As I'd hoped, the PC then searches for the ROM file on the CD-ROM. It found this file and automatically re-flashed the BIOS. When it rebooted I received this message (just below the AMI logo) :

"CMOS Checksum Bad
Overclocking failed! Please enter Setup to re-configure your system.
Press F1 to Run SETUP
Press F2 to load default values and continue"

In case I select the wrong option I'll leave the PC that way for a while.

trampas



Press F1 to run setup and check all your options (date & time also) to make sure they are as you wish.

It would be better to use a third party program to completely erase your Hard drive, I suggest using Darik's Boot and Nuke DBAN depending on your computer and Hard drive size it might take a long time but it will erase everything on your HD.
http://sourceforge.n...cts/dban/files/
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#6
trampas

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Thanks Alzeimer. Went into the setup and saved the changes. That fixed the checksum and overclock errors. I also cleared the CMOS RAM as per p2-20 of the manual.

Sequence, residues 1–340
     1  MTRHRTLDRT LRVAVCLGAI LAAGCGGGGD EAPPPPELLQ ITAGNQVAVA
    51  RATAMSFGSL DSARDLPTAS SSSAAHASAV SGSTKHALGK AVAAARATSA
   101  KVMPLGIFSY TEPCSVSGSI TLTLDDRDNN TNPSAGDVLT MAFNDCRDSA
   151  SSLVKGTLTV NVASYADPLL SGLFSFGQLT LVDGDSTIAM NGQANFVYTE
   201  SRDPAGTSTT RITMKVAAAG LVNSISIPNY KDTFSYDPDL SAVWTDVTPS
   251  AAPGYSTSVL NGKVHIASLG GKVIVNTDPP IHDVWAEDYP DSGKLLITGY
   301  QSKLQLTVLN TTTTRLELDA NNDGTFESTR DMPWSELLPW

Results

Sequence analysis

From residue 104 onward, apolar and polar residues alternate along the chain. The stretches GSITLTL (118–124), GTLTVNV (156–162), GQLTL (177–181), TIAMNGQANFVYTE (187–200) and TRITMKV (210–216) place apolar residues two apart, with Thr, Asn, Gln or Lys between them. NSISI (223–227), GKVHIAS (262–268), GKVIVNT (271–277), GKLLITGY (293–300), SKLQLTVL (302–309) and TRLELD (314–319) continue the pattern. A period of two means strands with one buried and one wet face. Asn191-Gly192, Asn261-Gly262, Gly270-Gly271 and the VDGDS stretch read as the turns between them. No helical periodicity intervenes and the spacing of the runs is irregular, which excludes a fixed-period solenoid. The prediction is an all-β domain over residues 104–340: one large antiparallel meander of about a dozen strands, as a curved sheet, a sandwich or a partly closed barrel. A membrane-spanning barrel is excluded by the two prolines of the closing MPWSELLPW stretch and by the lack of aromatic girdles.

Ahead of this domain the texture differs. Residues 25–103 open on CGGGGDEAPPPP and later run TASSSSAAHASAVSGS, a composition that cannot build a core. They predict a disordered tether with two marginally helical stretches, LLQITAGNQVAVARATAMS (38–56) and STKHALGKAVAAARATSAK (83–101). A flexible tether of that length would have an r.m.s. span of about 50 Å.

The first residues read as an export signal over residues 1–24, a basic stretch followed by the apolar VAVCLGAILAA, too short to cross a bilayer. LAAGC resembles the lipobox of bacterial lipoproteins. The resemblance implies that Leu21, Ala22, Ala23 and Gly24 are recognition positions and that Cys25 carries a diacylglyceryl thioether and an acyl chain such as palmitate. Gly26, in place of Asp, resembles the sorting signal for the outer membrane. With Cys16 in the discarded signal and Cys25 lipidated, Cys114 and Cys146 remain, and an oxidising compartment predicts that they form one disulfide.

DBAN sounds like a great choice for wiping the disks. The beast will die screaming !

Presumably the MS Setup CD will create new partitions when it runs.

trampas
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#7
trampas

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During this investigation it became apparent that the floppy disk drive is faulty, which explains the problem in the original post. It's at times like these that you wish you'd created a bootable CD or USB stick.

Still, I burned dban to a CD and it's running now. And salvaged a FDD from an old PC.